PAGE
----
Over $3 million was budgeted by Cabinet yesterday to begin the regulation of YouTube, reports Blacklock's Reporter. The budgeting was granted, despite the bill not yet being passed.
"We have worked hard for months to get Bill C-10 passed," Minister Guilbeault told the Commons. "We have stood up for it while the Conservative Party waged a scare campaign on this issue."
The controversial bill seeks to potentially drastically change the way that Canadians' internet experience works, with websites being forced to be tailored to content deemed "Canadian."
No equivalent law exists in any other G7 country.
The bill hasn't gone without its opponents. Conservative MP Rachael Harder called the bill "sneaky, controlling, and wrong."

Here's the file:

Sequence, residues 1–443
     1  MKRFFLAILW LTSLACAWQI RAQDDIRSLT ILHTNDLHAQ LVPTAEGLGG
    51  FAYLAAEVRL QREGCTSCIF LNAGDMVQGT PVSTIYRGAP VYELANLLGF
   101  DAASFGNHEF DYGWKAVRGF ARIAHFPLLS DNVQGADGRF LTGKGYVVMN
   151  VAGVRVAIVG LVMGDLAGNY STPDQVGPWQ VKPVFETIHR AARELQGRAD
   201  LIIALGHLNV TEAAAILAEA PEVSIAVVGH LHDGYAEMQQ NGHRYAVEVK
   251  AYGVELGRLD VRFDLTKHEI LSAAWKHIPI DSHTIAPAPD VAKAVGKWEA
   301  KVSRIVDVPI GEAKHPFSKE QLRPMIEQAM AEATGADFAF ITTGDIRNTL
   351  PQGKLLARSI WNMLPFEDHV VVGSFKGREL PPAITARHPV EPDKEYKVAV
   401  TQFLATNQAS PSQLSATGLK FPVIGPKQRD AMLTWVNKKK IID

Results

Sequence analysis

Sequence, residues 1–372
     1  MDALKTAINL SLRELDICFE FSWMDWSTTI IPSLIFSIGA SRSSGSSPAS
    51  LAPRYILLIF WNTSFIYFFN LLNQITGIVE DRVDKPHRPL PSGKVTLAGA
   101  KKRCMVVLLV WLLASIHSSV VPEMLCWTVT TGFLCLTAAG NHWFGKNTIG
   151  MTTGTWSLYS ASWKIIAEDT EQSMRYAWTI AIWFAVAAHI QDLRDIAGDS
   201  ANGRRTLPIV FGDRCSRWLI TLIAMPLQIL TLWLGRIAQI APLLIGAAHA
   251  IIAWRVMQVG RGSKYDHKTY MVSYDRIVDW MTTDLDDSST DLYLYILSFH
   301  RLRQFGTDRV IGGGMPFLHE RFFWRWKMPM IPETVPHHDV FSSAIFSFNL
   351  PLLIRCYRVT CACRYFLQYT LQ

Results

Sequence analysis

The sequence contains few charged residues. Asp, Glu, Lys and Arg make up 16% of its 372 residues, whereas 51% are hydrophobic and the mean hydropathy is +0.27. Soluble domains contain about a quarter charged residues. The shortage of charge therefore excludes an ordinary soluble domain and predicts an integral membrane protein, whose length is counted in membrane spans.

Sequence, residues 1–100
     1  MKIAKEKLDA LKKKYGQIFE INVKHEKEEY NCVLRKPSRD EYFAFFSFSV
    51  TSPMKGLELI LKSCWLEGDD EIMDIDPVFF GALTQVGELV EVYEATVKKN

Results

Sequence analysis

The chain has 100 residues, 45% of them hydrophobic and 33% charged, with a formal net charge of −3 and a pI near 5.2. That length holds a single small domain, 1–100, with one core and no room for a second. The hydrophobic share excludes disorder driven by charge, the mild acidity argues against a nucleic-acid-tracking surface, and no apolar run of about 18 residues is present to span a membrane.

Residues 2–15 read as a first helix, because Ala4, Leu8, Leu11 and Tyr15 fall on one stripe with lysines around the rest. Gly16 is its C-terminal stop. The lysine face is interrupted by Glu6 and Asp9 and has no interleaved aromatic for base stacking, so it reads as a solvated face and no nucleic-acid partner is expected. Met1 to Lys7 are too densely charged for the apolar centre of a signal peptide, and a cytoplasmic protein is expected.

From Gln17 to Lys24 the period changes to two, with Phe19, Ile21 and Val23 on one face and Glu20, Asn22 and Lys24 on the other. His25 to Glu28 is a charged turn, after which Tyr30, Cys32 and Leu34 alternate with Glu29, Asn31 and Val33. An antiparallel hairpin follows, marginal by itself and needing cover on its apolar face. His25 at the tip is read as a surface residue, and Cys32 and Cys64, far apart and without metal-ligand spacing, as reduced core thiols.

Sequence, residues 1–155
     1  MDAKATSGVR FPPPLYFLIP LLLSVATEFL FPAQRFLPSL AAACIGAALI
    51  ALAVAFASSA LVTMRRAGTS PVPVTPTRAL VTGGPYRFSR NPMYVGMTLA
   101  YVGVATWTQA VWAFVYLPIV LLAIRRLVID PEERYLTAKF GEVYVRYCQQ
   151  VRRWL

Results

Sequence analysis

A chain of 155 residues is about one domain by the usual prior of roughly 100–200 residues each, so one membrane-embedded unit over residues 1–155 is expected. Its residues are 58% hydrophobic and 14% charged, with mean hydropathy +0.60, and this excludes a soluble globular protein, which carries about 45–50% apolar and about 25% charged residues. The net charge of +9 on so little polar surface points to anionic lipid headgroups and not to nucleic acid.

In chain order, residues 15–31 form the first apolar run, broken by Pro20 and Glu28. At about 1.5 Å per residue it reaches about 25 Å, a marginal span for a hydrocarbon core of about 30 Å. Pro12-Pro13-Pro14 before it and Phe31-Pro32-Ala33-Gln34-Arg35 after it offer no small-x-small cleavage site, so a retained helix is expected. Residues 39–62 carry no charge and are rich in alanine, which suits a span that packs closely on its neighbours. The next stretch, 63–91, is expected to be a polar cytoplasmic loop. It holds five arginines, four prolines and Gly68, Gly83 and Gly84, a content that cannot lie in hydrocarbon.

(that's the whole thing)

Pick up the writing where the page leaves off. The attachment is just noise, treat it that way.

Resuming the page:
"Why is the Prime Minister insisting on regulating the internet?" asked Harder. "Bill C-10 remains consistent with the Charter’s guarantee of freedom of expression," replied Prime Minister Justin Trudeau.
The bill would likely create "winners and losers based on unknown criteria," looking to create sweeping changes to everything from Facebook, Google, and Twitter, to sports websites and music streaming sites.
A vote is pending on a Conservative motion to exempt user-uploaded social media content altogether.